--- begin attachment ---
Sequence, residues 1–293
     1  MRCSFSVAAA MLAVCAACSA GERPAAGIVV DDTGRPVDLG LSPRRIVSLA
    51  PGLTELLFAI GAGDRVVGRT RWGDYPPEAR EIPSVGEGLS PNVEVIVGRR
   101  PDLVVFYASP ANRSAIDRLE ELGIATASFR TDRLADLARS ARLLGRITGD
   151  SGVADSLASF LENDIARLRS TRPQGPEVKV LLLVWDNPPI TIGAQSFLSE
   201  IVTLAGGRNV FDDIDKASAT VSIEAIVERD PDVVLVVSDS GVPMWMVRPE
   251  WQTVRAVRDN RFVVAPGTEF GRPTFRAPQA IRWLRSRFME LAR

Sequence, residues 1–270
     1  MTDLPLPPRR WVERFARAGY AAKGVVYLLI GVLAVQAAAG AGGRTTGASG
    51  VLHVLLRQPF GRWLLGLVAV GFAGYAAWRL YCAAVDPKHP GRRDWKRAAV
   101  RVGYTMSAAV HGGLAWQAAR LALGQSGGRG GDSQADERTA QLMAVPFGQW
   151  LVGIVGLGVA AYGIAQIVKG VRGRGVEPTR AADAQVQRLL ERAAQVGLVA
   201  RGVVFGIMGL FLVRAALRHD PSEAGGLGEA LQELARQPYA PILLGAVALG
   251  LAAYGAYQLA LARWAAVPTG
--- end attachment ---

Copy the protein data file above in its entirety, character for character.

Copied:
Sequence, residues 1–293
     1  MRCSFSVAAA MLAVCAACSA GERPAAGIVV DDTGRPVDLG LSPRRIVSLA
    51  PGLTELLFAI GAGDRVVGRT RWGDYPPEAR EIPSVGEGLS PNVEVIVGRR
   101  PDLVVFYASP ANRSAIDRLE ELGIATASFR TDRLADLARS ARLLGRITGD
   151  SGVADSLASF LENDIARLRS TRPQGPEVKV LLLVWDNPPI TIGAQSFLSE
   201  IVTLAGGRNV FDDIDKASAT VSIEAIVERD PDVVLVVSDS GVPMWMVRPE
   251  WQTVRAVRDN RFVVAPGTEF GRPTFRAPQA IRWLRSRFME LAR

Sequence, residues 1–270
     1  MTDLPLPPRR WVERFARAGY AAKGVVYLLI GVLAVQAAAG AGGRTTGASG
    51  VLHVLLRQPF GRWLLGLVAV GFAGYAAWRL YCAAVDPKHP GRRDWKRAAV
   101  RVGYTMSAAV HGGLAWQAAR LALGQSGGRG GDSQADERTA QLMAVPFGQW
   151  LVGIVGLGVA AYGIAQIVKG VRGRGVEPTR AADAQVQRLL ERAAQVGLVA
   201  RGVVFGIMGL FLVRAALRHD PSEAGGLGEA LQELARQPYA PILLGAVALG
   251  LAAYGAYQLA LARWAAVPTG